Bil’s rating (out of 5): BBB
USA/Mexico/United Kingdom, 2020. Warner Bros., ImageMovers, Canadian Film or Video Production Tax Credit, Double Dare You, Esperanto Filmoj, Necropia Entertainment, The Jim Henson Company. Screenplay by Robert Zemeckis, Kenya Barris, Guillermo Del Toro, based on the book by Roald Dahl. Cinematography by Don Burgess. Produced by Alfonso Cuaron, Guillermo Del Toro, Luke Kelly, Jack Rapke, Robert Zemeckis. Music by Alan Silvestri. Production Design by Gary Freeman. Costume Design by Joanna Johnston. Film Editing by Ryan Chan, Jeremiah O’Driscoll.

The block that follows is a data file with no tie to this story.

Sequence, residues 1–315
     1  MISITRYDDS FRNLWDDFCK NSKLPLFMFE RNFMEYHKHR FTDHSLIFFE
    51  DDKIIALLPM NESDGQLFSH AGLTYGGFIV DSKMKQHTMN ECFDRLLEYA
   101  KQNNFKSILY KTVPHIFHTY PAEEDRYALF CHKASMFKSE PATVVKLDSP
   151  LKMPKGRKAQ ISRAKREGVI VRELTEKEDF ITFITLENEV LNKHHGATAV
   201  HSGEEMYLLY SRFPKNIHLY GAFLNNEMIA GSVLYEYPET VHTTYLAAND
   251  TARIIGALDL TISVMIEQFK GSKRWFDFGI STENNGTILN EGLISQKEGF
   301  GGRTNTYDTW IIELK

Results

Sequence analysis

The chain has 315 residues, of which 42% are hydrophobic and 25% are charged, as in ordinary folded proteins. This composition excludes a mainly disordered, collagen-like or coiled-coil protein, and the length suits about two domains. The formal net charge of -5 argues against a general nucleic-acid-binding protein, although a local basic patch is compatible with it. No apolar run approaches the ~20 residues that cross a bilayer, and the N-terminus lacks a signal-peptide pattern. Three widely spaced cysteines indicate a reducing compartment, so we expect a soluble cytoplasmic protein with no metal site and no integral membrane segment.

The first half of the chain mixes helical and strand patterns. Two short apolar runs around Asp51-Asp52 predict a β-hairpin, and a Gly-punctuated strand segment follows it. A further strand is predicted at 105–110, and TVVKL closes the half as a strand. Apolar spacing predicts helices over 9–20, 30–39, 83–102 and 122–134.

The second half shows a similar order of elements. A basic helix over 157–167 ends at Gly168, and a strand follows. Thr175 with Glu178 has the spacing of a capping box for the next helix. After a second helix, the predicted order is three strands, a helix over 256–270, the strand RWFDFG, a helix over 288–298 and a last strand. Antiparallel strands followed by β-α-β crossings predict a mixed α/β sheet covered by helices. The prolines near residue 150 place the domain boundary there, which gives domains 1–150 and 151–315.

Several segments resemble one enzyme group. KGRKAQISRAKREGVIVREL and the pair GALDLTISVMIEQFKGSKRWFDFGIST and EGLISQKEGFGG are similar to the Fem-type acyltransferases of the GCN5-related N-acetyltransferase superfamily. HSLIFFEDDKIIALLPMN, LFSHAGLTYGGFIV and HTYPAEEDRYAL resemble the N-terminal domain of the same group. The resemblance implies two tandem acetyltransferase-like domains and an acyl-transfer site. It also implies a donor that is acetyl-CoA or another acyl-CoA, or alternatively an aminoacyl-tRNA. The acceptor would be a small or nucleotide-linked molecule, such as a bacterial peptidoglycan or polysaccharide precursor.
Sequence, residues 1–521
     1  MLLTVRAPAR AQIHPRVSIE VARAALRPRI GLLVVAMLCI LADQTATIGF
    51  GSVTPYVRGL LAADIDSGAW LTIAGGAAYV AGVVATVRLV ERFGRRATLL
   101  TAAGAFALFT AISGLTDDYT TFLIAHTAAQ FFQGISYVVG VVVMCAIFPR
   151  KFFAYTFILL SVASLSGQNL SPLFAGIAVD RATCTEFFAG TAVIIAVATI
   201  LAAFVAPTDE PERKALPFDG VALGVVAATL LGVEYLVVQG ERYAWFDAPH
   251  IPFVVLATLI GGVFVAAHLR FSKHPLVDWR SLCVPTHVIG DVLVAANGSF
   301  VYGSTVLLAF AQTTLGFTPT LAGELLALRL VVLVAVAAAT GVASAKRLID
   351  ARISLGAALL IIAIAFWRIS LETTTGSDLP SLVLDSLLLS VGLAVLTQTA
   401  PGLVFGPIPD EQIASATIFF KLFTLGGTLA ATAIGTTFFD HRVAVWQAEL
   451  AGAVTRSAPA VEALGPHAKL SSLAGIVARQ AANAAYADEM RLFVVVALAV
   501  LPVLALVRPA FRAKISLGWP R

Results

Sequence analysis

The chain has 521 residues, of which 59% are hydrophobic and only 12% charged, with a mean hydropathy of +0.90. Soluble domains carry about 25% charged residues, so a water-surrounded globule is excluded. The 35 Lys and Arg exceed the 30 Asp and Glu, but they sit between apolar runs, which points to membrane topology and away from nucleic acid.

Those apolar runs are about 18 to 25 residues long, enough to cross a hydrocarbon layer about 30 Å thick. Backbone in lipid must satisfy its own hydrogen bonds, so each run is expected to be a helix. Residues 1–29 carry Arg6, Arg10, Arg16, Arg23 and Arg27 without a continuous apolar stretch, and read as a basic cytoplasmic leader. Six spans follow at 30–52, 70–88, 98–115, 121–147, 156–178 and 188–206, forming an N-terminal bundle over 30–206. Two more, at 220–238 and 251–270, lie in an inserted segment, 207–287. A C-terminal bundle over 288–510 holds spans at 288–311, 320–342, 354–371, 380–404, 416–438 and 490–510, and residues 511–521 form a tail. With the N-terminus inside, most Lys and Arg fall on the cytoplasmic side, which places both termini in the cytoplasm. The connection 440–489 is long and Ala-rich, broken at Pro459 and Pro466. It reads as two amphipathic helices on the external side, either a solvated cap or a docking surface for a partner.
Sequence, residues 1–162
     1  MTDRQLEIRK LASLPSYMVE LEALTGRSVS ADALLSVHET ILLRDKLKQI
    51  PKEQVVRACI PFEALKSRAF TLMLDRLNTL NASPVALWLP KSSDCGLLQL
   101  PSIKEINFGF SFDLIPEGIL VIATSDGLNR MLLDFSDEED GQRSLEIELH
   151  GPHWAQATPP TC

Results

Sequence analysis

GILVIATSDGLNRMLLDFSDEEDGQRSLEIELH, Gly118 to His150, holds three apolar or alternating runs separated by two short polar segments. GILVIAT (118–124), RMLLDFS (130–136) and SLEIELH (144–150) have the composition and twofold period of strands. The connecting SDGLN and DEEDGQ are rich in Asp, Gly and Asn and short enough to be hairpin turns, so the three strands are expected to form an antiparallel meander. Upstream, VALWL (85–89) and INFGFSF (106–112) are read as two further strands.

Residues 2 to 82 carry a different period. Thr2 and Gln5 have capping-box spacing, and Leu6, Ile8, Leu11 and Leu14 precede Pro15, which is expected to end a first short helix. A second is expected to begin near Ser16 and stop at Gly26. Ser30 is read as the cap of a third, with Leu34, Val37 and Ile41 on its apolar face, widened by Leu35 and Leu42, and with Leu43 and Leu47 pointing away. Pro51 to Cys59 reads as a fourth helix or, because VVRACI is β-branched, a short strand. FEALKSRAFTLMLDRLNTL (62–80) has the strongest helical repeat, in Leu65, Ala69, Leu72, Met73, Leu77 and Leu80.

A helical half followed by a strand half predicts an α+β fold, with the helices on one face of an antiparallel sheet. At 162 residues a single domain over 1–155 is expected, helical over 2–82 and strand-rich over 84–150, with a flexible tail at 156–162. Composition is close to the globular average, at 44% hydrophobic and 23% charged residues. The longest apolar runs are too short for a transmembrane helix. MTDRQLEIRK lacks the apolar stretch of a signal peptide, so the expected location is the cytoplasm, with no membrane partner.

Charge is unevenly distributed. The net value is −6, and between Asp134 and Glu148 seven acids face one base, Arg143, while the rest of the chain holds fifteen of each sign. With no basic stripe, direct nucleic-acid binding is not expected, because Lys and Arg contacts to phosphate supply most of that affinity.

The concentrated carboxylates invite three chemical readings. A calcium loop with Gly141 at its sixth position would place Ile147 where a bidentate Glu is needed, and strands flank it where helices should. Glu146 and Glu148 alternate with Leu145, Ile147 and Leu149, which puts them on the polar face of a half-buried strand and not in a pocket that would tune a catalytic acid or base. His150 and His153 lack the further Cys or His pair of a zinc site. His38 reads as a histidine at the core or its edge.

Thirty years after Nicolas Roeg’s perfectly pitched (if also, in its conclusion, slightly compromised) adaptation of Roald Dahl’s children book, the property is brought back to the big screen with modern visual effects, a relocation to the United States and a lot of octane pumped into what was previously a much gentler plot (though it should be said it sticks to Roeg’s book more than it veers from it). After the tragic loss of both his parents, which director Robert Zemeckis, in his inability to understand Dahl’s brittle presentation of life’s harshest realities, presents like he’s remaking the ending of Forrest Gump, Jahzir Bruno goes to live in another town with his affectionate grandmother (Octavia Spencer). After he notices a mysterious lady lurking about their town and tells his grandmother about it, she tells him all she knows about witches and their hatred of children, and when the two of them realize that evildoers are targeting them specifically, Grandma packs their bags and takes them far away to a fancy hotel where her cousin works. Poor luck that these two happen to check in at the same time as a children’s charity group does, a bevy of philanthropic women who turn out to actually be witches in disguise, meeting there for their annual conference under the leadership of the Grand High Witch (Anne Hathaway). Poking his nose where it doesn’t belong gets Bruno and his new friend Brian Bovell turned into mice, which means that the two of them (along with his actual pet mouse as third friend) must now hide in Spencer’s purse as they try to beat the bad ladies at their own game. Hathaway has stored up endless vials of potion that she plans to have her minions distribute around the world to turn every child into a rodent, and our heroes must figure out a way to give these ladies a taste of their own medicine. A bouncy visual look and some fun and exciting sequences make up for the fact that this one is missing both the whimsy and menace that Roeg brought to the story thirty years ago. Hathaway tries to inject as much glee into her villainy as the superior Anjelica Huston did the first time around, but she’s hampered by a script that rarely allows her to do more than preen around like she’s preparing to burst into a musical number, plus is undermined by her appearance constantly being augmented with obvious visual effects; Hathaway is fabulous but never scary, only gross thanks to the poor choice of giving her a creepy Glaswegian smile that might ruin some viewers’ dinner (the younger ones in particular). It manages to keep Dahl’s theme intact, that life can be lived well despite the fact that there is evil out there that will never go away, but Zemeckis keeps changing the pace on his direction and goes from the sensitive opening to an action-packed middle and concludes with capricious comedy, and it feels like you haven’t been watching the same movie throughout (the fact that he has someone of the caliber of Stanley Tucci in the cast and clearly does not know what to make of him is as good an example of this film’s failings as any).